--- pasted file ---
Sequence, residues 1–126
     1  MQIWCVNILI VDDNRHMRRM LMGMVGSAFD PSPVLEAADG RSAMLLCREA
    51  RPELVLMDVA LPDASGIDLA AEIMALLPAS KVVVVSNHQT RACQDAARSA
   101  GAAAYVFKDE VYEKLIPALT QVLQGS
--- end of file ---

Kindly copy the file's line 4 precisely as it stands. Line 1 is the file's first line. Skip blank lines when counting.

   101  GAAAYVFKDE VYEKLIPALT QVLQGS